Firsts

Lucas and I are sitting next to each other in the back, left corner table of the classroom. We’re looking forward but our knees are touching while we talk to two of our friends across from us. This is our safe place— we protect it— sitting together, our clammy hands clasped as one and hidden from our teacher and friends, as if we were the only two in the room. Twelve years from now, I won’t even recognize this boy; the shadowy photos pasted on the Internet resemble a figure who has lost the determination in his eyes and whose face is hollow and stained with the emptiness of alcohol. He has gained weight but his limps look as if all the muscle has dissipated from the weeks spent at home getting high. But right now, that doesn’t matter; all that matters is that we’re married. He proposed, by slipping a note into my locker, telling me to meet him by the water fountain. I did. He is my husband, I am his wife. We are six.

Lucas is the first boy I will say I love you to and hopefully will not be the last. He has a giant Bernese mountain dog and lives on Sixty Four Berkeley Place off of 7th avenue. I’ve memorized his address. His eyes are green and his dirty blond hair flops in front of his face during games of Tag; he constantly pushes it back. All his shirts are one size too big, and usually have a sports team lined across the front or back. He likes to wear his AYSO soccer jersey the most but it shows the most stains, which he seems to ignore. He doesn’t wear jeans. He likes the loose, Nike sports pants or the Adidas shorts, even though it is winter. I like the way he dresses because I also wear t-shirts and sport pants—they’re comfy. Lots of girls like him because he is good at Elimination and math, but he’s mine for now.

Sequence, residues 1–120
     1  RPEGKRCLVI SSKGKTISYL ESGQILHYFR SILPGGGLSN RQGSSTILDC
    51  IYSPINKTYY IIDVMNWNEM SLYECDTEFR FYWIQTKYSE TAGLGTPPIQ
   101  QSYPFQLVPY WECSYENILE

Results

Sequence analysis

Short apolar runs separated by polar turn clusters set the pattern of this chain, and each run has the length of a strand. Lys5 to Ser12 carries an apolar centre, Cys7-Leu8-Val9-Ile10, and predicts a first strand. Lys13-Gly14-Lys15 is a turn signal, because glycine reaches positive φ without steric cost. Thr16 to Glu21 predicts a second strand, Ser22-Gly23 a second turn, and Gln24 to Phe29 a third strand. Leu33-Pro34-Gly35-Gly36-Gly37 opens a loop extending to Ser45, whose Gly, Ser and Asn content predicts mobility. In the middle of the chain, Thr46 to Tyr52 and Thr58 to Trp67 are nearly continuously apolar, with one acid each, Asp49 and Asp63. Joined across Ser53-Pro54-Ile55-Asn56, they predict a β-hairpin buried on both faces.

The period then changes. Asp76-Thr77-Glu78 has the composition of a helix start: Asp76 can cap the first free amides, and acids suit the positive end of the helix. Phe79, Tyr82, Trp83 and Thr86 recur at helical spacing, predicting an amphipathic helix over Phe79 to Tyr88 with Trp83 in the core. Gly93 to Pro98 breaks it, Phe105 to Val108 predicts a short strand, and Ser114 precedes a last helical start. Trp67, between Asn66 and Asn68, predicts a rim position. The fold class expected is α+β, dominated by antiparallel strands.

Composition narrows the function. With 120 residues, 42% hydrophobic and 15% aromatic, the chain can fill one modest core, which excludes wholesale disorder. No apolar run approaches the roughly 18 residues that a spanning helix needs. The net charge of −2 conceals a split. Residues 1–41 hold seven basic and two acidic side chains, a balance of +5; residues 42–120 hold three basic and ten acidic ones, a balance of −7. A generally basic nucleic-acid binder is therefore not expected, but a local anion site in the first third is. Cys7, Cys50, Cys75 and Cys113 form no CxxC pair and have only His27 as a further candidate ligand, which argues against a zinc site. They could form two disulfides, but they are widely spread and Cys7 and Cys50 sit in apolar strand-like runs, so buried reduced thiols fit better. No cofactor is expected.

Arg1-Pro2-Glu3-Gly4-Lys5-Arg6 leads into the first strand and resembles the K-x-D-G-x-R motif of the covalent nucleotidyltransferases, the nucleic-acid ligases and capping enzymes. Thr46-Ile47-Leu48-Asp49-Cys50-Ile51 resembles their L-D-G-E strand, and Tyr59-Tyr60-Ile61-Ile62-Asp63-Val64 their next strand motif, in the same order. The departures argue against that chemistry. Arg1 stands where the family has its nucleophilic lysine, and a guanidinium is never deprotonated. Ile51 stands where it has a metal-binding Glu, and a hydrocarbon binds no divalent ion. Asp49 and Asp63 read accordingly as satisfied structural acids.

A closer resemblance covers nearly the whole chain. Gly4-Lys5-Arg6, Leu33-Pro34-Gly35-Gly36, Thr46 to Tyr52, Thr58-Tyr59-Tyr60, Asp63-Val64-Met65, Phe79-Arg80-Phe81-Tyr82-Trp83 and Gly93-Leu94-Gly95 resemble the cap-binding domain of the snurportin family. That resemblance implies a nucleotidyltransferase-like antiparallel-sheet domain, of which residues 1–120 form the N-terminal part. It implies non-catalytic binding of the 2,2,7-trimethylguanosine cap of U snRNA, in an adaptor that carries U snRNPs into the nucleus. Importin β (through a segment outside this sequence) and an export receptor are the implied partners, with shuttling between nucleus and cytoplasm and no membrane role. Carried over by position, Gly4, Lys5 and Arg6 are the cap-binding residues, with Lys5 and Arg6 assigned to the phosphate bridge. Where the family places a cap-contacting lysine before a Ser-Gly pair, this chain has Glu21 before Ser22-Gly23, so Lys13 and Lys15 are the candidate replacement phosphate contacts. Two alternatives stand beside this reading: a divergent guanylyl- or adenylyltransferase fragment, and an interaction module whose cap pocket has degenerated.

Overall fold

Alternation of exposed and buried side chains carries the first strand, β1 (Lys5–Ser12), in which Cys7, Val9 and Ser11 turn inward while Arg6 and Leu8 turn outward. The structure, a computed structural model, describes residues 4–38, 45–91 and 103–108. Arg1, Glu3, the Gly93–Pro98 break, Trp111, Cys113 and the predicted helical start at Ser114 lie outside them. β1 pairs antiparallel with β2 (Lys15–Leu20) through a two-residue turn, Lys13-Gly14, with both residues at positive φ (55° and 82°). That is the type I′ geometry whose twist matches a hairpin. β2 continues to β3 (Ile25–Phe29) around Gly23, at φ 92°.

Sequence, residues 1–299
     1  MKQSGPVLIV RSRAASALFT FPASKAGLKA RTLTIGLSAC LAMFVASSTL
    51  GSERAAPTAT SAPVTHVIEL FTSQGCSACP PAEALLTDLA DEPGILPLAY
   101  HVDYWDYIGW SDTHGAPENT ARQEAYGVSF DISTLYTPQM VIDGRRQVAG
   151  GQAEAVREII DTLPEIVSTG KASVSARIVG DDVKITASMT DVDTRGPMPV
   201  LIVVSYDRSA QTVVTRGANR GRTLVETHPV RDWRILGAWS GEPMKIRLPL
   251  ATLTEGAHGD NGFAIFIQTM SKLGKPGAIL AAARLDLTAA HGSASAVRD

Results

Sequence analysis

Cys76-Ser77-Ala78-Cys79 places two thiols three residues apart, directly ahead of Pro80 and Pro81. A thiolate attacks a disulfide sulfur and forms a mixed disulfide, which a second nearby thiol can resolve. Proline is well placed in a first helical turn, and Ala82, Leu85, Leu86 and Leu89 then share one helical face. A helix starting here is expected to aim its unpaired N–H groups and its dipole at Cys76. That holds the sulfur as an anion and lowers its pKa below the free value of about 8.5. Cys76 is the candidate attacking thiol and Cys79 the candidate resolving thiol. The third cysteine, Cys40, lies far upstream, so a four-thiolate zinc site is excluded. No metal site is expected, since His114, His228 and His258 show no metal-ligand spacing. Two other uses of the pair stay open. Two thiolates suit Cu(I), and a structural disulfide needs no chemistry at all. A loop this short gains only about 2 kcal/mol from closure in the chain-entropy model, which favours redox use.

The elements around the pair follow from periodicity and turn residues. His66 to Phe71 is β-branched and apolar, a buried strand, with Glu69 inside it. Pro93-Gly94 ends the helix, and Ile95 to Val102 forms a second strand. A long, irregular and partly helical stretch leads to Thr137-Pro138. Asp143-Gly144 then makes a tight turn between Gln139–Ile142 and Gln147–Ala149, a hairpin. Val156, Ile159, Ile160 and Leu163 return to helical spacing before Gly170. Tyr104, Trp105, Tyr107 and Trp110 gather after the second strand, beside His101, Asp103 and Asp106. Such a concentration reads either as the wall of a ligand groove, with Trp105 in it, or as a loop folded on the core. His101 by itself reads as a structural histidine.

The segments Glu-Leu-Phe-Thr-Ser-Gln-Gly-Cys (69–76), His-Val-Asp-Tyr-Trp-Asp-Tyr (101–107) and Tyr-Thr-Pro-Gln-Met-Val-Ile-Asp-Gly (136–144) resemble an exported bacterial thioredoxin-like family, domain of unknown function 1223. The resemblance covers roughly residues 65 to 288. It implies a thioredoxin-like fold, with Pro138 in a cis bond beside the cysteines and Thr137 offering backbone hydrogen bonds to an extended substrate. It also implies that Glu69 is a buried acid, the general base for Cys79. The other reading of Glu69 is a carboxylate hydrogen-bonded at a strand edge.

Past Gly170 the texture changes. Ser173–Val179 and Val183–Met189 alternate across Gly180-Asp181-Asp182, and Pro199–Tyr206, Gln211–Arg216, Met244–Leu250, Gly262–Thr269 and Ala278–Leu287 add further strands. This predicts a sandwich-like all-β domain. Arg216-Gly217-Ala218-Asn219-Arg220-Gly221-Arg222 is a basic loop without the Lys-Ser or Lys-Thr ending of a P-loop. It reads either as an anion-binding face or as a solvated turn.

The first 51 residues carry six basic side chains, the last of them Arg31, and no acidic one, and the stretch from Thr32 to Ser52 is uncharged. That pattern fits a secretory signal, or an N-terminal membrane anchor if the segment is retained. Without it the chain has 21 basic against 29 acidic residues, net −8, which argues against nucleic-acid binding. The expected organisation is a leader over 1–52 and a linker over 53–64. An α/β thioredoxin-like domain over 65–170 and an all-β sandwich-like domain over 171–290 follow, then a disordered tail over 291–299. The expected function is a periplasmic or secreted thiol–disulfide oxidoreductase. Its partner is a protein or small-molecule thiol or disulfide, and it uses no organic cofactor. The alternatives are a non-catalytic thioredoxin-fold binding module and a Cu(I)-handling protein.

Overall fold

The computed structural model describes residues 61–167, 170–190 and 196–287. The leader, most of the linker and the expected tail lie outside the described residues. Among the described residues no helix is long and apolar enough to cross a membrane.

Kissing is a holy act in first grade—a big deal that no one has done. It is gross, unless you are married in which case it is okay; that is what our teachers tell us. Lucas and I sit and listen to our friend, across from us, describe her vacation down to Disney over the winter break. I eat my lunch with one hand and Lucas does the same. It does not even occur to us to let go while we inhale our Fruit Rollups or Go-Gurts. I am not really listening to our friend’s story, I am watching the snow begin to fall from the sky and brush against the glass window to my left. I eye Lucas and see he has finished his lunch and is picking at the tape on his table that is carefully placed over the script alphabet. Our teacher comes by to tell us to pack up and we release hands at the same time— she didn’t see us, our secret is safe.

I’ve never kissed anyone before, and the only knowledge I have is from watching the soap operas my Caribbean babysitter plays in the afternoons. Most episodes begin and end the same way. Girl-one would fall in love with handsome boy-one, but then boy-one would make a mistake and kiss girl-two, who would then happen to be girl-one’s unknown half-sister, and then there would be a big fight between girl-one and girl-two until, in the end, boy-one and girl-one would kiss and make up. Girl-two would also find someone along the way. Between commercials and homework I’d ask Zorra, my babysitter, “Zozo, why is she (girl-one) ignoring him (boy-one)?”

“Because he’s dumb and it’s all his fault but that silly girl still loves him.”

I want to kiss Lucas, but I don’t want him to make a mistake and kiss another girl; I liked being married. Mistakes scare me.